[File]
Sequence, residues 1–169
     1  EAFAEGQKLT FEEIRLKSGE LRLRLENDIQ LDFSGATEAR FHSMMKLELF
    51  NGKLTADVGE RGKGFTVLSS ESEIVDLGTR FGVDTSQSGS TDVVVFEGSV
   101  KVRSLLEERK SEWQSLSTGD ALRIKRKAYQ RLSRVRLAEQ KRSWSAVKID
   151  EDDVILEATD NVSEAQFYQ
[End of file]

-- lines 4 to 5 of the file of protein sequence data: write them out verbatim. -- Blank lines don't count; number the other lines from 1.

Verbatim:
   101  KVRSLLEERK SEWQSLSTGD ALRIKRKAYQ RLSRVRLAEQ KRSWSAVKID
   151  EDDVILEATD NVSEAQFYQ